Comparatively Speaking...

Monday July 1st, 2002

Linux Online recently compared the major Linux browsers, including the Mozilla-based trio of Mozilla 1.0, Netscape 6.2 and Galeon. Reviewer Michael J Jordan praises Mozilla's stability, tabbed browsing, rendering and customisation.

As mentioned by fondacio on our forums, the International Herald and Tribune took a look at Mozilla, Opera and NeoPlanet (note that the site doesn't seem to work in some builds of Mozilla). Reviewer Lee Dembart says that "Mozilla is impressive and has it all over Opera." He especially likes the ability to block pop-ups, tabbed browsing and pipelining.

UPDATE! tuxracer writes: "I've put up a browser comparison list, comparing various features that affect usability and W3C standards compliance. It compares Mozilla 1.0, Netcaptor 7.01, Internet Explorer 6.0 (Windows), and Internet Explorer 5.x (Mac)."

#21 Re: Re: Re: Got that right!

by asa <>

Friday July 5th, 2002 1:45 PM

You are replying to this message

Kristin, care to point us to a credible source for that claim? Are you counting virus infections as being compromised?

Even if your numbers are anything resembling reality that doesn't change the basic issue that while the risk may be low the consequences are very, very high. It also doesn't change the fact that there are fairly easy ways to dramatically reduce the chances that you will face those extreme consequences and failing to take those easy steps is both irresponsible and ultimately self-destructive.

Let's use your car wreck analogy. There were about 42,000 deaths in car wrecks last year <…_facts/state_by_state.pdf> and more than three million injuries <…CSA/Content/Assess2K.html> . That's about 1 in 4000 drivers killed each year and about 1 in 55 injured. More than 40% of the deaths were the result of an alcohol related accident <…pt/Alc00Chap2.htm#_VPID_8> . Doing something as simple as removing alcohol could prevent nearly 17,000 deaths and nearly one million injuries every year. Additionally, people not wearing seatbelts fair much worse in automobile accidents than those who do wear a restraint <…CSA/Content/Assess2K.html> . "NHTSA research has shown that driver or a passenger cuts his or her risk of dying in a crash almost in half by buckling up" <…CSA/Content/Assess2K.html> . So doing these two simple things, avoiding drunk driving and wearing a seatbelt, you can dramatically reduce the chances that you'll be killed or injured. With consequences that extreme I think it's a good idea to take the extra steps of not drinking and buclking up. So do the federal, state, and local governments.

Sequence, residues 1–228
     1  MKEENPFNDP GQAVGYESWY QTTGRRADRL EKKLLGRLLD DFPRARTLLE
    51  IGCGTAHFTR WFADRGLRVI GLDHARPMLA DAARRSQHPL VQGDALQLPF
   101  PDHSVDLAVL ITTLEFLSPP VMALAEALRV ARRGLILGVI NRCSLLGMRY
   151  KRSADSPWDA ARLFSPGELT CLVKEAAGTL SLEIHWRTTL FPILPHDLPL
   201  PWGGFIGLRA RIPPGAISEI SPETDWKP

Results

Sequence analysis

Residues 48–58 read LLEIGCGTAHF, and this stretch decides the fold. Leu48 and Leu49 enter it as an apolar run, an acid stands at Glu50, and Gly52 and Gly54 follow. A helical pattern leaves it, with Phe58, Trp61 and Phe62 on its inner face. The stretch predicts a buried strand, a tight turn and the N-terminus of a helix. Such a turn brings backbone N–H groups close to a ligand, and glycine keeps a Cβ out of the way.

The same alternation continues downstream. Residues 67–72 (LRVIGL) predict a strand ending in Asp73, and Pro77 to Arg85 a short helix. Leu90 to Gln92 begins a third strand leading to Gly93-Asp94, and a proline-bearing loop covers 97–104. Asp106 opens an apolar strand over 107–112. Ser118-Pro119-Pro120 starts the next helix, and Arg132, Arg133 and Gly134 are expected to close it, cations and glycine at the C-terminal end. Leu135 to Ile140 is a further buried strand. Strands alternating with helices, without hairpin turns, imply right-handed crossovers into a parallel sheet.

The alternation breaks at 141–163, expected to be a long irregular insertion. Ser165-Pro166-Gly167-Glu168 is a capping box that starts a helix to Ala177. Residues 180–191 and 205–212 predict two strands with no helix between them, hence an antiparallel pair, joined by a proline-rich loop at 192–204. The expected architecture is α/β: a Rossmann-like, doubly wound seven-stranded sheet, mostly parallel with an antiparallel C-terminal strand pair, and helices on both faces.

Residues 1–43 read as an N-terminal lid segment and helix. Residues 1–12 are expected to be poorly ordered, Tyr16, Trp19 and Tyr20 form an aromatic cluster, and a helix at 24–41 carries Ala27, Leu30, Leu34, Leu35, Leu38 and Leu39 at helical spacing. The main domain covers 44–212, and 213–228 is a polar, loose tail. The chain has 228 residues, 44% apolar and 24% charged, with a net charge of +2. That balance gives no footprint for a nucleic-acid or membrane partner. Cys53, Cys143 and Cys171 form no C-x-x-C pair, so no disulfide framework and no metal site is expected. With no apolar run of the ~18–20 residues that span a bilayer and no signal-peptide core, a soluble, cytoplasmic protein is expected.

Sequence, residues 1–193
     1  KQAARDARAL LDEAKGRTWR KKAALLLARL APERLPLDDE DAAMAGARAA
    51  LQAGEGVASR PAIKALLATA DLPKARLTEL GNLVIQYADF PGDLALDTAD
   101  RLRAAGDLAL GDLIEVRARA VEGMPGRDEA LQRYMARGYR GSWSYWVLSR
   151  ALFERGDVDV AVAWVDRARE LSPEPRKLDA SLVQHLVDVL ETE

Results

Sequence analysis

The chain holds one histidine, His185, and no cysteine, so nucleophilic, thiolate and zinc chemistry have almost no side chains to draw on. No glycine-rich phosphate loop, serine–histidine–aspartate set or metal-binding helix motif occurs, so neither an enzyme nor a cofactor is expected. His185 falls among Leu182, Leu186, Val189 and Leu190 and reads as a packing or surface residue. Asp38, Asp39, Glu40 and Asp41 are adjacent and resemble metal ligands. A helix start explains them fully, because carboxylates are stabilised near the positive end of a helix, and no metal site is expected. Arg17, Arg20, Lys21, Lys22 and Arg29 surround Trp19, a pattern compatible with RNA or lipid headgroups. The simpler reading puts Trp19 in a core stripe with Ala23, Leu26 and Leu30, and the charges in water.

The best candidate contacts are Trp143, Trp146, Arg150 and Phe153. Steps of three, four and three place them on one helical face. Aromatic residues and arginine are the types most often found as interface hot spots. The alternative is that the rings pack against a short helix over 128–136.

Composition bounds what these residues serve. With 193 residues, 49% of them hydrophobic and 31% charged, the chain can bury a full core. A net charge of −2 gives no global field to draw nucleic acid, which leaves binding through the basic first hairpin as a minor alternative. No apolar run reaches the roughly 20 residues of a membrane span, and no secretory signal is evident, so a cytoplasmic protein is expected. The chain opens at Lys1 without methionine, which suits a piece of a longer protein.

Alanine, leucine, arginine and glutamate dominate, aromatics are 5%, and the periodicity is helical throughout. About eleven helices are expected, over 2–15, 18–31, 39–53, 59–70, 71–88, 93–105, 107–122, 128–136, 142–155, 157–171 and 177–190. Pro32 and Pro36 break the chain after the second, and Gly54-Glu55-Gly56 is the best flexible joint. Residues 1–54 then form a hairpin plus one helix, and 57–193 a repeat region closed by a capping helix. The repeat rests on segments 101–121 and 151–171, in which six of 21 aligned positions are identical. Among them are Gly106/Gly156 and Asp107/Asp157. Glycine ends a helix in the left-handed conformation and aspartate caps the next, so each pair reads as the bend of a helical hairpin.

While it's not death, having your personal, credit, banking, ert. data stolen or having your computer compromised by virii are grave consequences even if the chances of being victimized are slim. There are a couple of simple things that you can do to dramatically reduce your risk to these consequences. You can avoid insecure software like IE and Outlook and you can encrypt and otherwise secure as much of your data as possible. Doing these things are likely to have a dramatic effect in lowering your overall liklihood of being a victim <> <> and do not require serious inconvenience (I'd argue that they are worth it even if they do cause serious inconvenience. Taking a taxi home or dealing with an uncomforatable seatbelt can be very inconvenient but most people recognize that they are worth it).

Telling people that they shouldn't download security updates because of the the low probability of their being attacked, compromised or exploited is irresponsible. It's not that different from telling folks that driving drunk and not wearing a seatbelt is OK because the change that it will cause death is not very high.